Wine 101 – Part Ii – “Bottles”

This article treats one of the world’s most successful marketing campaigns – the French red wine that arrives just in time for Thanksgiving, Beaujolais Nouveau. At one minute past midnight on the third Thursday in November, this wine is released for sale. Talk about market share, in the next 24 hours over one million cases will be sold. During the coming year, consumers all over the world will buy more than 65 million bottles. There will be about 4 million bottles exported to the United States, and 7 million to Japan and to Germany. About seven hundred thousand bottles will be exported to Italy, which makes a similar wine, Vino Novello, reviewed in our article I Love Italian Wine and Food – Vino Novello (New Wine).

Here is a typical scenario of how I use these sites. I am a big fan of French wines but do not like the prices offered at my local stores. I use my tracker to track wine sites that offer French wines on their daily deals. I recently bought a case of my favorite vintage for $11.60 cents a bottle; the local store where I normally shop it charges $23.12 per bottle, that’s a fifty percent discount! You multiply that savings times 12 bottles in a case and I saved over a hundred dollars and loved every minute of it! This type of budgeting is fun and can actually increase your standard of living at the same time.

My first pairing of this wine involved chicken in a honey, garlic, and soy sauce. The wine was not very flavorful, but during the course of the meal its flavors increased somewhat. Unfortunately the dominant flavor was bubble gum, but there was a light taste of black fruit.

3) Estate bottled? (Not the same as single vineyard) This simply means the winery grew the grapes there, and made the wine on their premises. A completely integrated process. But remember, just because it is estate bottled doesn’t mean it’s any better than a winery that Grossiste en vin fran├žais from a grower. This shouldn’t really add that much to the price, although many wineries like to flaunt this.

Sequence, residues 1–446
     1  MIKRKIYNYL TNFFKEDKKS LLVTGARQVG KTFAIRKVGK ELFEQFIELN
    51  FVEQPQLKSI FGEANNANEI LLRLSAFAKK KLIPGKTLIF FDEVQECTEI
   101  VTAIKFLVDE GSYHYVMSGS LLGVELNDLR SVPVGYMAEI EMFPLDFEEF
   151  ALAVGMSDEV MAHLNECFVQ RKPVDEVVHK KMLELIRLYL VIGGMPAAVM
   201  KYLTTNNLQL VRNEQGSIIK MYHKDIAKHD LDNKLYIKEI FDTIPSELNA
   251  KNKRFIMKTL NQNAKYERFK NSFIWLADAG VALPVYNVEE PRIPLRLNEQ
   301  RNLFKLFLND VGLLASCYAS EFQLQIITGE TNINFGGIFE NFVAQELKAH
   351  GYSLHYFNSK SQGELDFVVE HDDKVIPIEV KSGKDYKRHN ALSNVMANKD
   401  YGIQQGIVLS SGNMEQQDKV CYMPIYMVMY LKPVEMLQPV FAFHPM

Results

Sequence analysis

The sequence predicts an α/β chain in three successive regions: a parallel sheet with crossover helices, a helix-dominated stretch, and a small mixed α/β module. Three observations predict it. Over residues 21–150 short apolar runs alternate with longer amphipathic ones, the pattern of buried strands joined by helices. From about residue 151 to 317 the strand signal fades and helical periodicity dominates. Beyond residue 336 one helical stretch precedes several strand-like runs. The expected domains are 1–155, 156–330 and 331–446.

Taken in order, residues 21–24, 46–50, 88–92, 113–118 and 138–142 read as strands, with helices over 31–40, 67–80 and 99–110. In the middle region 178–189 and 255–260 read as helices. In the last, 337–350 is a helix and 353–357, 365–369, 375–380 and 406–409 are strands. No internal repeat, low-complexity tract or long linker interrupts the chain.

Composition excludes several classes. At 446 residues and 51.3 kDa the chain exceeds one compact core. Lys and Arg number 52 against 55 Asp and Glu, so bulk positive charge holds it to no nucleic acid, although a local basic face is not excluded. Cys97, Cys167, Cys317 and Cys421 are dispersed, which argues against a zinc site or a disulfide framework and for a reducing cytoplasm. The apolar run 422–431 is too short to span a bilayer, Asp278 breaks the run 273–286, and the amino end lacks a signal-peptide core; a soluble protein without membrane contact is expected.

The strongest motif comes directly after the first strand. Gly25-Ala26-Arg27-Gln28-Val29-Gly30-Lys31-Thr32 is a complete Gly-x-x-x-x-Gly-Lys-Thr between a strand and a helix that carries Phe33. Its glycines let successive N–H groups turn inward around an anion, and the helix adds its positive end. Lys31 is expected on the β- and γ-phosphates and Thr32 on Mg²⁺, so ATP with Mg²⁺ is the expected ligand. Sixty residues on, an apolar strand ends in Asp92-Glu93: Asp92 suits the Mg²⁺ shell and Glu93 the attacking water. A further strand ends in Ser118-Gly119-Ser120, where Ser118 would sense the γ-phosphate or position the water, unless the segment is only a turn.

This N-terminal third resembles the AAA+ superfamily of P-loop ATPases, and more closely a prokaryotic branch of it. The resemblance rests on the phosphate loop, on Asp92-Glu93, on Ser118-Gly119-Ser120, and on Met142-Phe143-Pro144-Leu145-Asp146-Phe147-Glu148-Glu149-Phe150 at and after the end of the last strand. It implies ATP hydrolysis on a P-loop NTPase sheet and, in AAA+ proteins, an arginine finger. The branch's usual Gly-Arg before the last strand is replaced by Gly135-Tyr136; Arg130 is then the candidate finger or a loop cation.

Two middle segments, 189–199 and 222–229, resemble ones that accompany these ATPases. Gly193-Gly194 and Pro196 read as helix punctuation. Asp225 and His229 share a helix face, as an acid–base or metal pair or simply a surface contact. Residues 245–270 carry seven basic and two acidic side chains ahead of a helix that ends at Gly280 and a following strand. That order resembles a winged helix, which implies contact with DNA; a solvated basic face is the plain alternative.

Prior to the traditional two cheeses I paired this Cabernet Sauvignon with schmaltz herring in oil. The wine remained sweet and was oaky. A relatively flavorless brick cheese thinned the wine, which was still sweet (by now, this is hardly a surprise.) With a somewhat tastier Muenster, same old, same old, but there was more acidity.

At the first sips this wine provided dark plums and soft tannins. Japanese rice crackers increased its acidity, but the Wasabi peas actually softened the wine. My initial meal centered on broiled beef ribs. The drink had great length and offered some chocolate. In the face of potato salad with pickles this libation provided a tinge of sweetness and some oak. It was round. It exuded chocolate when paired with eggplant and mushrooms. I finished the meat with a generous dousing of Louisiana hot sauce and our L-R red was somewhat sweet. Its dominant feature was dark cherries.

It is very important to provide lots of French baguettes, and plain brie cheese, so that your guests are able to clear their palates BEFORE each DIFFERENT wine. By doing this, they will be able to truly get the BEST sense of the qualities of the next wine. As the host, you should encourage all of your guests to follow this procedure. Make it part of the ritual, and most importantly, HAVE FUN!

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